Downtown Oklahoma City projects benefit from new clean energy loans

More than $80 million in development, all tied up for months or even years, is set to begin this summer after being boosted by a new clean energy funding program created by Oklahoma County commissioners.

The Commercial Property Assessed Clean Energy, or C-PACE, program provides developers with low-cost, long-term financing for energy efficiency, renewable energy sources, water conservation and land resiliency projects. buildings. Loans are tied to the building’s property tax records as an assessment and are repaid over terms of 20 years or more through a special property assessment.

After: The historic downtown OKC bank will be converted into apartments and retail

Finance can provide up to 100% financing based on eligibility, with no down payment, and if the property is sold, any remaining appraisal can be passed on to the new owner.

Anne-Marie Funk, whose firm ADG Blatt Architects worked on converting the First National Center into apartments and a hotel, told commissioners that funding is increasingly important as energy prices rise. Funk, the company’s chief marketing officer, said about 60% of energy consumption comes from commercial structures.

“Projects are getting more and more complicated,” Funk said. “Developers use as many public incentives as they can possibly fit into a project. C-PACE funding means developers can do the right thing by bringing energy efficiency and new ways to save energy. energy in our buildings.

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C-PACE is a nationwide initiative that began in 2009 and is available in 22 states. Oklahoma lawmakers approved bylaws allowing its use in 2019. The funding, launched by Oklahoma County in March, comes into play as commercial development faces labor shortages and an increase in material costs.

Pivot Project was C-PACE’s first recipient for its redevelopment of a former Chrysler dealership at 301 NW 13. Backed by Nuveen Green Capital, the $1.1 million loan was used to upgrade windows, systems heating and cooling systems for the building, as well as thermal and humidity improvement systems for the exterior of the building.

Jonathan Dodson, a partner at Pivot Project, said the funding enabled the group to take the former dealership, which now houses a bakery, architectural practice and fabrication shop, and upgrade it with energy efficient double glazed windows, new heating and air conditioning systems with individual units and LED lighting.

“What we’ve found personally with a lot of our projects in the urban core is because they’re a certain size and require a certain perspective towards Oklahoma City, there’s not a ton of money for these projects,” Dodson said. “We can come in and do what is necessary to raise the standards of these buildings where many of them have been vacant for a long time and help investors close the gap in value and cost.”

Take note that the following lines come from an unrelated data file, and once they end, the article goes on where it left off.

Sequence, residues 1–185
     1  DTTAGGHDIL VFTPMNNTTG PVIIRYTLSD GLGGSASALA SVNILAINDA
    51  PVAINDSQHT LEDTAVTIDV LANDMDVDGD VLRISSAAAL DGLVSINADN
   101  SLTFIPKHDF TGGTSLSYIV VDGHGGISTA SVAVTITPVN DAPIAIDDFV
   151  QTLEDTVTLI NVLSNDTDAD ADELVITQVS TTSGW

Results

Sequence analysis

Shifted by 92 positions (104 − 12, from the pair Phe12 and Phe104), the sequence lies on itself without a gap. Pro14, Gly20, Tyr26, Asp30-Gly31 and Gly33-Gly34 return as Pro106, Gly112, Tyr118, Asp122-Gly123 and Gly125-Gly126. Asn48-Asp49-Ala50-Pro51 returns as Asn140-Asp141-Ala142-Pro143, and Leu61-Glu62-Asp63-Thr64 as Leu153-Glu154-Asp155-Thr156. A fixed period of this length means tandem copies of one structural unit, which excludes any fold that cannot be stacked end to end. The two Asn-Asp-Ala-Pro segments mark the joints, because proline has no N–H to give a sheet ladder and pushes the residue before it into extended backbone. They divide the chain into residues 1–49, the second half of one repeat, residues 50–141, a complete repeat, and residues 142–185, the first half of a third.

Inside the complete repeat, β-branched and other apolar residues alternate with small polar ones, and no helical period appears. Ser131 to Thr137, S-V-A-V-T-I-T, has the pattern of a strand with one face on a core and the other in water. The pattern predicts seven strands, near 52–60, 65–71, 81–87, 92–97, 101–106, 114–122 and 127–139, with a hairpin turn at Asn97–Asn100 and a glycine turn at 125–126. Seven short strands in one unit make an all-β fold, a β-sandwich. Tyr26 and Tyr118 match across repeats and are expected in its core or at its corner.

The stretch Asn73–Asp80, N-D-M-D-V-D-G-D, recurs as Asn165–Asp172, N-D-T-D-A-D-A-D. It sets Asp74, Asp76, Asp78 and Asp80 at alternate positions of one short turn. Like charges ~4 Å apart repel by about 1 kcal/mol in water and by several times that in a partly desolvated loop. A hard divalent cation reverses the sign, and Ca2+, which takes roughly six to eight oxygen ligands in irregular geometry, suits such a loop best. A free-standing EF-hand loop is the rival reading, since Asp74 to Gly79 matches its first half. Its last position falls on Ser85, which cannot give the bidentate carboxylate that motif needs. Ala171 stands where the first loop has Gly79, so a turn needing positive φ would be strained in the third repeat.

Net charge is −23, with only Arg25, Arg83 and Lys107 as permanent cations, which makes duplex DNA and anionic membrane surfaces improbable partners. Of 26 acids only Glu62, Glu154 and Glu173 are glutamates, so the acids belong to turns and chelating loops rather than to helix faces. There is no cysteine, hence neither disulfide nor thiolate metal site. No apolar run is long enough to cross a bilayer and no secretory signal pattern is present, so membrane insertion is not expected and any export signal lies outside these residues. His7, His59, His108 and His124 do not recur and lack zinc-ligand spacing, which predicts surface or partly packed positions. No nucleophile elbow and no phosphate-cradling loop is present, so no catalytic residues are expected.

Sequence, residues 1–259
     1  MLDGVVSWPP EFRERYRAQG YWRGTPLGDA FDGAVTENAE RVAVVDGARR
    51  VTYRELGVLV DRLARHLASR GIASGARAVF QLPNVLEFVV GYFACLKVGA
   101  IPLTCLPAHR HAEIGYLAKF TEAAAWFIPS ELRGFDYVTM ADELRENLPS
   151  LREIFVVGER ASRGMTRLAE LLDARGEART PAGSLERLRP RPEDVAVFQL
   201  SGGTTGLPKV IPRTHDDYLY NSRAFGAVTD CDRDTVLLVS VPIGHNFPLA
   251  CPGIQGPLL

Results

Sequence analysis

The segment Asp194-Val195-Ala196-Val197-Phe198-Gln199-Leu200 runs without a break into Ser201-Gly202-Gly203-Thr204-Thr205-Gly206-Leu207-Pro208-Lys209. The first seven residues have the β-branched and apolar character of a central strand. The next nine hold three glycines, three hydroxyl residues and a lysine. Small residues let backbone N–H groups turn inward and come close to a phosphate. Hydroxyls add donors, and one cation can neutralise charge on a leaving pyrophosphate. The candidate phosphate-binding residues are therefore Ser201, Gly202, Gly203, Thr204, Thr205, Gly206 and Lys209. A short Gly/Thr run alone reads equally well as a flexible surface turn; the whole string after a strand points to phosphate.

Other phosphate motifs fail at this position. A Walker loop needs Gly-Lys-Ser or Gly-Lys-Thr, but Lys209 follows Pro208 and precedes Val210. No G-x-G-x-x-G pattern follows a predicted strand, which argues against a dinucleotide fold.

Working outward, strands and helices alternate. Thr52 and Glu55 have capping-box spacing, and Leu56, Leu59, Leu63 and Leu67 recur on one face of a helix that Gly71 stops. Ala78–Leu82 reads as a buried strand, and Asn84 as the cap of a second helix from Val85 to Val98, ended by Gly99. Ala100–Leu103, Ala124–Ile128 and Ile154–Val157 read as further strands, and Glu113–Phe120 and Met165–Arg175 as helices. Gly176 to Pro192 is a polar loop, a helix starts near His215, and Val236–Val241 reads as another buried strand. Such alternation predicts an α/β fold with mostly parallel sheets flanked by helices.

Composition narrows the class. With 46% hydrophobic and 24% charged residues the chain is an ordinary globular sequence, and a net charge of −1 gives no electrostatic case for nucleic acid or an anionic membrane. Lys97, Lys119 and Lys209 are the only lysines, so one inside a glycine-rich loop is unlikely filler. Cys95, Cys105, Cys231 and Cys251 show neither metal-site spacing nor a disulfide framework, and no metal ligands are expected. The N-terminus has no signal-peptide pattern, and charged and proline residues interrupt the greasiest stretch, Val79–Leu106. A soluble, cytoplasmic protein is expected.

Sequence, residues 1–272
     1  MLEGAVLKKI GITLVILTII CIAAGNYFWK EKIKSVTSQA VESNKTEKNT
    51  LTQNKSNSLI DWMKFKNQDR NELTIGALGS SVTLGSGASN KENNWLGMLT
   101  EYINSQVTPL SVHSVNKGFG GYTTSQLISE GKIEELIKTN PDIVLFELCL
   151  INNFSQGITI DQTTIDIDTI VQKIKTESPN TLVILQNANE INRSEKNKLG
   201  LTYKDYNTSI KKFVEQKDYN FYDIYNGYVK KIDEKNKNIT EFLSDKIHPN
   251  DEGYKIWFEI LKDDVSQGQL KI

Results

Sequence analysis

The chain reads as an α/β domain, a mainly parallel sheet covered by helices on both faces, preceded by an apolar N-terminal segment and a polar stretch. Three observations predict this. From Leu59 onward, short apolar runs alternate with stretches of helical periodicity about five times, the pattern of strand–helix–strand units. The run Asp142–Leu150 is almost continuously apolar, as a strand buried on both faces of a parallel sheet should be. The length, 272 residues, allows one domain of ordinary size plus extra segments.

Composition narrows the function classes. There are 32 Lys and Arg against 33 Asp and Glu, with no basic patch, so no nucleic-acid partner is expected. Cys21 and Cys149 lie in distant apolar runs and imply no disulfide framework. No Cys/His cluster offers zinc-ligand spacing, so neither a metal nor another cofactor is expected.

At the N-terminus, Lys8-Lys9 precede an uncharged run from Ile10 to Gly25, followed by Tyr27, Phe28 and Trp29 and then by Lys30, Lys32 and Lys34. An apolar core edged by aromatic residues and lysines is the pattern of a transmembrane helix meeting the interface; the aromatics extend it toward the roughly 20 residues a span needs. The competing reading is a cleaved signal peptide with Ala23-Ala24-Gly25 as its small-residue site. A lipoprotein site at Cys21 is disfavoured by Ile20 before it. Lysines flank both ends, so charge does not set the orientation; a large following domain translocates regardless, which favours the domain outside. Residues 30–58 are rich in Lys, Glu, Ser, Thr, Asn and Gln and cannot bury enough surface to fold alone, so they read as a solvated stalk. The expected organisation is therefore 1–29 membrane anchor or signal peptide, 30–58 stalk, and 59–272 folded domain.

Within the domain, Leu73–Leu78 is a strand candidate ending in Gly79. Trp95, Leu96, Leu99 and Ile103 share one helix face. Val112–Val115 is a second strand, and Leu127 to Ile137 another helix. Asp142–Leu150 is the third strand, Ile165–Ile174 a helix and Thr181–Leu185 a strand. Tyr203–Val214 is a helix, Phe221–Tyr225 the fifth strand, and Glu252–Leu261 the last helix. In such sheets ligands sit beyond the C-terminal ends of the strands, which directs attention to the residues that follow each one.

Nuveen Green Capital is also backing a $2 million C-PACE loan for an office building that Pivot Project is preparing to build this summer. The four-story, $16.5 million building will begin this summer on an empty lot at 1204 N Hudson Ave. which was targeted for the construction of a hotel. The hotel project disappeared when the COVID-19 pandemic devastated the hospitality industry.

Two other projects underway with C-PACE are among the most ambitious downtown development projects announced in the past two years.

NOVA, at 1 NW 6, was announced by developer Brandon Lodge in 2021 and is to include a full-size grocery store, rooftop urban greenhouse, brewery, 20 apartments and retail.

Lodge was recently approved for $5.6 million in funding from C-PACE, which he says will cover upfront expenses and provide gap financing with competitive fixed interest rates. Lodge, like other developers, is weathering cost increases with NOVA estimated at $22.4 million.

Lodge said C-PACE financing provides its investors with a level of comfort they would not have had without knowing that C-PACE is reliably backing a portion of equity. He now plans to start construction this summer.

“We were stuck waiting for C-PACE to pass,” Lodge said. “It’s an important, expensive and complicated project. The anchors are a rooftop greenhouse and a grocery store. It’s a difficult but good project. C-PACE helped get the ball over the crest of the hill.

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Daniel Mercer, CEO of COOP Ale Works, said that while Oklahoma County’s wait to launch C-PACE was longer than expected, it was worth the wait. Mercer said he used the delays to work with state officials on title issues for the 23rd Street Armory which will become the brewery’s new home combined with a hotel, restaurant, bar and center of events.

“We always intended to use renewable sources to power the facility,” Mercer said. “It provides us with a fairly large funding mechanism.”

Steve Lackmeyer started at The Oklahoman in 1990. He is an award-winning journalist, columnist and author who covers downtown Oklahoma City, urban development and the economy for The Oklahoman. Contact him at [email protected] Please support his work and that of other Oklahoman reporters by purchasing a subscription today at subscribe.oklahoman.com.

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